The so-called “special Sewol bill” is named after the sunken ferry that left more than 300 dead or missing.
But partisan division over how much legal power to give the panel is impeding the bill’s legislation, angering victims’ families who have been calling for a swift passage of the prospective law.
As of 5 p.m. Wednesday, opposition and ruling Saenuri Party chiefs were still ironing out disagreements in an effort to pass the bill.
Opposition lawmakers and the bereaved families advocate forming a team of police detectives armed with investigative power. Families support giving such a team indictment powers as well, although not all opposition lawmakers agree with bestowing investigators with that much authority.
|Main opposition New Politics Alliance for Democracy cochairman Rep. Kim Han-gil on Wednesday speaks at a rally in front of the National Assembly urging the passage of the so-called special Sewol bill. (Lee Gil-dong/The Korea Herald)|
Saenuri officials only agree with giving investigators inquiry powers, meaning that a probe team would be limited to determining the reasons of the ferry disaster. Authorizing more than that would go against current criminal laws, they said.
At Wednesday’s rally, main opposition New Politics Alliance for Democracy Rep. Park Young-sun said the special Sewol bill must be passed quickly.
“To our Saenuri colleagues: Please, approach this issue with the heart of a parent,” she said.
Families of the ferry accident victims watched the opposition rally from only a few hundred meters away. They had been conducting a sit-in in front of the parliament building since Saturday to protest the continuing political division over the bill. Some family members had begun a hunger strike on Monday.
The families held signs reading, “An end to partisan bickering.”
The surviving Danwon High School second-year students meanwhile marched on the National Assembly on Wednesday. They had begun walking from their school in Ansan, Gyeonggi Province on Tuesday, to urge the special law’s passage.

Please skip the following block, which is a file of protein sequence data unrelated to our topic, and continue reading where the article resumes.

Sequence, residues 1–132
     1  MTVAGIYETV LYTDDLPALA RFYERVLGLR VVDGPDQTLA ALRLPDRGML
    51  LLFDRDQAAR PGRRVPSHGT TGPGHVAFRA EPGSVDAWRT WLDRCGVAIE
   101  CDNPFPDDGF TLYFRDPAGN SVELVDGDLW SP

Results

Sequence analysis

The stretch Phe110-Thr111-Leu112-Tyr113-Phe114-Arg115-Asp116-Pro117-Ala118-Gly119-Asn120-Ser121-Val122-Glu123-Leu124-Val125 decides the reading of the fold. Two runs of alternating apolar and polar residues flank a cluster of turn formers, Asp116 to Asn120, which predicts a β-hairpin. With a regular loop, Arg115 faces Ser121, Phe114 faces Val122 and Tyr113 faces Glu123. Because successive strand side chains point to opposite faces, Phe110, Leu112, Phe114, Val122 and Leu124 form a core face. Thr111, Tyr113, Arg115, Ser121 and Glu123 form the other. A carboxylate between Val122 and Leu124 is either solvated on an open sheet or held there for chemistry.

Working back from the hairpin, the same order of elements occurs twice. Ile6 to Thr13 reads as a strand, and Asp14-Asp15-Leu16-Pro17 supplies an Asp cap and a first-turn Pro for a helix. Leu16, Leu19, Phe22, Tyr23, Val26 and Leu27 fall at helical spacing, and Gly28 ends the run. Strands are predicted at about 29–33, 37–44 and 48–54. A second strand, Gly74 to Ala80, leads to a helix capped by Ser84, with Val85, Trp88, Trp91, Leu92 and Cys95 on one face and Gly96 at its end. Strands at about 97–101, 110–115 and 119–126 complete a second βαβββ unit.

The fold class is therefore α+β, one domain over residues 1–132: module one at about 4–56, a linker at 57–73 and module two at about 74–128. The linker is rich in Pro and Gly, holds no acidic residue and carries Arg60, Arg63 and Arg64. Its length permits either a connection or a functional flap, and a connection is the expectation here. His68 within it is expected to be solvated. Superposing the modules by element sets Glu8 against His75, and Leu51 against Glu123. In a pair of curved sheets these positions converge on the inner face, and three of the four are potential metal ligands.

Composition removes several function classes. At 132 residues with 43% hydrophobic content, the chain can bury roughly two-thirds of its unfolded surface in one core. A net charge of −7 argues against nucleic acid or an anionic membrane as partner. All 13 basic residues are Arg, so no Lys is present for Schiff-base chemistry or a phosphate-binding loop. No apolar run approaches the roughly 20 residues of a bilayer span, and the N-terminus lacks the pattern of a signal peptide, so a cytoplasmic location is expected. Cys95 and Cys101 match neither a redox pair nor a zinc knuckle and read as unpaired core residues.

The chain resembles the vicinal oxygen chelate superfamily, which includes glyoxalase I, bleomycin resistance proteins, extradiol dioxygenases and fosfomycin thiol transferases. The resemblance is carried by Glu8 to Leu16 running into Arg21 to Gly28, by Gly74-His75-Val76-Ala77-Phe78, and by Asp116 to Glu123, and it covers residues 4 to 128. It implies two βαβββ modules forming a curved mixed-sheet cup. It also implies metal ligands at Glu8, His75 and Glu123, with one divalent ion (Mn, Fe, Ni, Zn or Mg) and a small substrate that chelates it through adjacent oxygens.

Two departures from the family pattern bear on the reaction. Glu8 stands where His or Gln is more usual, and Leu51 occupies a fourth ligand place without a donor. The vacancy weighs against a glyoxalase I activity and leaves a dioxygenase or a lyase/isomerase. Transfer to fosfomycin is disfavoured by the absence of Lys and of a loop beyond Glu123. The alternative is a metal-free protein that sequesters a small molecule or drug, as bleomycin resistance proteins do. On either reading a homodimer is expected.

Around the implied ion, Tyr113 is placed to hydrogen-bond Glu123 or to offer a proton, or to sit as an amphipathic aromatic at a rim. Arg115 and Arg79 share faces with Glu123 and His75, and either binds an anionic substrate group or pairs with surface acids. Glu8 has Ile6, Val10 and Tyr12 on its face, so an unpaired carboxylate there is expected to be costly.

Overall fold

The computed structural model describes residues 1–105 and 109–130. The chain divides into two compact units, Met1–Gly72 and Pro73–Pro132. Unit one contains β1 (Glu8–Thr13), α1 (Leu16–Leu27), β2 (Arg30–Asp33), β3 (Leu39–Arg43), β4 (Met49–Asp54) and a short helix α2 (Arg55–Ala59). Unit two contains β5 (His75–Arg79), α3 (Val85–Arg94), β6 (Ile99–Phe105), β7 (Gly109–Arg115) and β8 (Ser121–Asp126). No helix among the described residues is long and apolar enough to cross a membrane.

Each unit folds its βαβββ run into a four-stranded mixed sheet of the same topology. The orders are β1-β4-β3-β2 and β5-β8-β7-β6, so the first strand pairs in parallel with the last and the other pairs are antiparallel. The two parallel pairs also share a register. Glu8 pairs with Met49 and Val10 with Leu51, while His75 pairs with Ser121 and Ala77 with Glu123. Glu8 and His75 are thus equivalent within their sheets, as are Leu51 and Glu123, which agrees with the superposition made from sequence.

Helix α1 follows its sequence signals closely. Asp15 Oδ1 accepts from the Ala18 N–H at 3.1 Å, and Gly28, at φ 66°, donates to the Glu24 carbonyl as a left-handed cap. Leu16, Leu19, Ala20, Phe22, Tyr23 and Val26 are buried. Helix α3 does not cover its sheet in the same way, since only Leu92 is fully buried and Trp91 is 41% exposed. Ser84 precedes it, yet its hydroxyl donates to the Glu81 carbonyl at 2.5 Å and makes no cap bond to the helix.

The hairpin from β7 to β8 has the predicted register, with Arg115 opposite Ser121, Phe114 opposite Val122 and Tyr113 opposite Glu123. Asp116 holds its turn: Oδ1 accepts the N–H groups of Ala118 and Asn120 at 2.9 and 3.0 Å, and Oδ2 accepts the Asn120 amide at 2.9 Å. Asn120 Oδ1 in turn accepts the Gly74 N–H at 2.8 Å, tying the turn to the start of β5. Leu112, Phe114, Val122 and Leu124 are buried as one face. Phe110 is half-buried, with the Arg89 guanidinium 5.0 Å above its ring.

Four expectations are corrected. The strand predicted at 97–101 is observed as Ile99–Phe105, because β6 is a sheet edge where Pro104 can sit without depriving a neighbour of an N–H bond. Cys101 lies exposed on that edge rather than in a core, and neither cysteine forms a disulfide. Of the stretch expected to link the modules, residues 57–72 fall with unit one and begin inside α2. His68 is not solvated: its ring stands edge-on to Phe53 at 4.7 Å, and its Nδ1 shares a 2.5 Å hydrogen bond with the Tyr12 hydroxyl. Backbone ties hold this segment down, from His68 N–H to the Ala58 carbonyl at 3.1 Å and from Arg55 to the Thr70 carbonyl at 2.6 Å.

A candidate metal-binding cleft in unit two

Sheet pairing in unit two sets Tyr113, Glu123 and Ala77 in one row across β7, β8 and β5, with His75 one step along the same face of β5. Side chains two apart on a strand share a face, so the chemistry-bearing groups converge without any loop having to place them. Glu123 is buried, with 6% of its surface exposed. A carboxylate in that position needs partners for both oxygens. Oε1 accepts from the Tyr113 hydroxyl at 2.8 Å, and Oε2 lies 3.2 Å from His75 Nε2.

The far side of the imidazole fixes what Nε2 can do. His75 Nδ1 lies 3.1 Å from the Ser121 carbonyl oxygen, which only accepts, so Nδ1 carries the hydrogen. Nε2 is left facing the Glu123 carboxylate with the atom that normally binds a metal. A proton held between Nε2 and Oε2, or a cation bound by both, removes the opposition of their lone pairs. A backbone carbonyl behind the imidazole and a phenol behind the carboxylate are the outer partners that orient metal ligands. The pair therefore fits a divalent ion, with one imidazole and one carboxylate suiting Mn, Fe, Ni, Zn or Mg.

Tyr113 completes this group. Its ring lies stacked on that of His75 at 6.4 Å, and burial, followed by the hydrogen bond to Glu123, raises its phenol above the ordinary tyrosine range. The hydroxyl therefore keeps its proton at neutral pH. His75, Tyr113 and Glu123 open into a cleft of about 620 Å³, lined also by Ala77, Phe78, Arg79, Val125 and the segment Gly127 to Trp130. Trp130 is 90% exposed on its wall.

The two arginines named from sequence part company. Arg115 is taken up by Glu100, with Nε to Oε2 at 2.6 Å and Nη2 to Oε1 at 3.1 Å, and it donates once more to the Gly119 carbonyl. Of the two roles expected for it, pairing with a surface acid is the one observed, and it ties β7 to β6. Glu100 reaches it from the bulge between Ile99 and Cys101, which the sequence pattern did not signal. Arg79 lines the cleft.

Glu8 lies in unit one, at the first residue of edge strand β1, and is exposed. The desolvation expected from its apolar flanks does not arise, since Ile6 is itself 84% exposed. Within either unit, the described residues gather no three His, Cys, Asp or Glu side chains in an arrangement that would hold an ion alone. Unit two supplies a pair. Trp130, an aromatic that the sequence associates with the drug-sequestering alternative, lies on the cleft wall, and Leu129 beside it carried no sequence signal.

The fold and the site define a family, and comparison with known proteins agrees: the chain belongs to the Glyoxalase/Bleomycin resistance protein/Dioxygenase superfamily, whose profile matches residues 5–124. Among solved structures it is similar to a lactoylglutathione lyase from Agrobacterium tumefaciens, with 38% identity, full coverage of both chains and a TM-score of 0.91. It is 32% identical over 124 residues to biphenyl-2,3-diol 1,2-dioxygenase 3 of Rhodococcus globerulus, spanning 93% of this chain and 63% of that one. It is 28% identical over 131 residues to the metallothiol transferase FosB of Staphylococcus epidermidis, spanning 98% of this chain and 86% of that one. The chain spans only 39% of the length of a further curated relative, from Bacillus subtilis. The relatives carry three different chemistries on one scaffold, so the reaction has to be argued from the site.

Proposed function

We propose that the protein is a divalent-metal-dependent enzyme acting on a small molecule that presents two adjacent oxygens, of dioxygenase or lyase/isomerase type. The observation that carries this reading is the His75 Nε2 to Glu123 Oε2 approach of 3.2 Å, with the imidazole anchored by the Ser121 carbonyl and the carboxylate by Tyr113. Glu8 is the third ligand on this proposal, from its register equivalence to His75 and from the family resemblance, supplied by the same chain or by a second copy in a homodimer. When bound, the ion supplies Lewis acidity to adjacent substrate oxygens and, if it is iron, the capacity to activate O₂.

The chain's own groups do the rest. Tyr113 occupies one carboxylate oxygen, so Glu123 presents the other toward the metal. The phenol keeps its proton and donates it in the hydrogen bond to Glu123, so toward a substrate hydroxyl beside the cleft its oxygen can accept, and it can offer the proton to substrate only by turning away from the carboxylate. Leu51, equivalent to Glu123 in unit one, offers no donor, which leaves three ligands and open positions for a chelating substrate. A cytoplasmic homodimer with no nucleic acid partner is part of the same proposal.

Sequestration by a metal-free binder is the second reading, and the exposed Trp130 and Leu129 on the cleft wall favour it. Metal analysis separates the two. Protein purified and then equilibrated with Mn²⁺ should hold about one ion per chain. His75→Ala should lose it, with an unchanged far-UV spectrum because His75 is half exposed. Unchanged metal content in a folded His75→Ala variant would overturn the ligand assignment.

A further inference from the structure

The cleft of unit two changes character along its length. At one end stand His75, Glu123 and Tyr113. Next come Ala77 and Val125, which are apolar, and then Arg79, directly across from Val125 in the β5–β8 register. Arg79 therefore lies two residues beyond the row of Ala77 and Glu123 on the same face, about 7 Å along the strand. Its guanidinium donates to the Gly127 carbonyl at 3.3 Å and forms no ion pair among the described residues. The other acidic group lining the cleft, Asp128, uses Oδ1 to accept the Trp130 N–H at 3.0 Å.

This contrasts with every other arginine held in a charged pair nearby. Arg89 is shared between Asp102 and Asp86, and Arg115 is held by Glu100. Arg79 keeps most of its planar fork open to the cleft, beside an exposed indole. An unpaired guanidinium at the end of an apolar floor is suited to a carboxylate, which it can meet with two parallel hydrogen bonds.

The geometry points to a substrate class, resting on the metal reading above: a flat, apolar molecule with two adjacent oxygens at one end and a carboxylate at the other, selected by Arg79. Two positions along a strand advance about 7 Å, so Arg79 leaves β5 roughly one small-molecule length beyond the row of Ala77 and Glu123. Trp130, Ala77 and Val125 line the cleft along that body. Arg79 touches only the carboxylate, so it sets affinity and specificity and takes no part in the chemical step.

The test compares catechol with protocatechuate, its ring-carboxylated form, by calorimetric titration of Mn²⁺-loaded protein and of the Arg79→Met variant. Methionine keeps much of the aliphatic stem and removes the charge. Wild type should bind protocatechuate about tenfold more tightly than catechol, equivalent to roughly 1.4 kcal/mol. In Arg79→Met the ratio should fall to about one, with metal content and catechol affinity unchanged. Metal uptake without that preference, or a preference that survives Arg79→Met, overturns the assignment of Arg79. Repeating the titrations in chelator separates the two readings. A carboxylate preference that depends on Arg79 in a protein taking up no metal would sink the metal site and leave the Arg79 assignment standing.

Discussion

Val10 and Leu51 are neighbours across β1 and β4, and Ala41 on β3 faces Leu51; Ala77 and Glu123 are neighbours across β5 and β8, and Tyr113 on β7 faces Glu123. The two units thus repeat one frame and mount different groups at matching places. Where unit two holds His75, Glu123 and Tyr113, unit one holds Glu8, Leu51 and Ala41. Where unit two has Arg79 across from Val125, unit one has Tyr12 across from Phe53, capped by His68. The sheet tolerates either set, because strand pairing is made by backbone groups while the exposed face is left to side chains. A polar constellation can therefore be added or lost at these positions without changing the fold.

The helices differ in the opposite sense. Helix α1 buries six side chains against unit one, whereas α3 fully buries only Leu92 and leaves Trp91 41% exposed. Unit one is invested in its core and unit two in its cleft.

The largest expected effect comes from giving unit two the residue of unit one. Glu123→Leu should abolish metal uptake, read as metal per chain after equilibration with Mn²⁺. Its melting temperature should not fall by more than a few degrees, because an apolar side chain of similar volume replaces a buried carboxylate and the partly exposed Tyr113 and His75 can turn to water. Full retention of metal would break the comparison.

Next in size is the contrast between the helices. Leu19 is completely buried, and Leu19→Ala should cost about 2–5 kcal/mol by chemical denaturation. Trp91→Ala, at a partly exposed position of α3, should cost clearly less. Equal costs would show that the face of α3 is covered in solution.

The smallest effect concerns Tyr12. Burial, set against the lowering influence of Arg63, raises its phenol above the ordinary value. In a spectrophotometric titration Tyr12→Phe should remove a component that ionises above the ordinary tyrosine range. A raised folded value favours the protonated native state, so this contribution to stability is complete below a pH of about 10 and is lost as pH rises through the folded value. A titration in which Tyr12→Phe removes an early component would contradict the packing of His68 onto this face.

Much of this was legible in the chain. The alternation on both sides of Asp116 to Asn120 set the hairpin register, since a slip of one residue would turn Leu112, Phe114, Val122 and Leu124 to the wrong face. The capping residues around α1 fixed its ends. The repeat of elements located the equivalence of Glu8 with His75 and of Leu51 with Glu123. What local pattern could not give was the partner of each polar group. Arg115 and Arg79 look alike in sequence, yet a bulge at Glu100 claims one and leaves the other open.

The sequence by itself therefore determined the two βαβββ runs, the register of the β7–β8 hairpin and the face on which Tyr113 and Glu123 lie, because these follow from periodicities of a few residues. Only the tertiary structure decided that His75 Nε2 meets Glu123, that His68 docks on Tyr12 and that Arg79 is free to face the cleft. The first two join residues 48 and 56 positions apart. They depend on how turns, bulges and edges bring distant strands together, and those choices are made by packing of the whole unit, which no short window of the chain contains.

But once the students arrived at the assembly building, a brawl broke out after police forces allegedly shoved a victim’s mother. The lady was sent to the hospital showing signs of having difficulty breathing.
Families demanded an apology from the police, but none was given. A few minutes later the scuffle broke out. As to what began the fight was unclear.
A policewoman was carried away apparently in pain, as some family members wailed.
The situation calmed but families continued their sit-in, as authorities failed to deliver an “acceptable apology.”
The students marching on the parliament were survivors of the accident that had killed more than 240 of their classmates and teachers. The teens were on a school trip to Jejudo Island when the 6,800-ton ship sank in the West Sea on April 16.
Families said earlier in the day they wanted to make their opinions on the special Sewol bill clearer.
“Passing the (special Sewol bill) does not mean we want more benefits and reparation payments from the government. We strongly call on our National Assembly to pass the bill, as part of efforts to clearly identify the causes of the (ferry) accident, and ensure that something like this never, ever, happens again,” a father of a victim said.
By Jeong Hunny (firstname.lastname@example.org)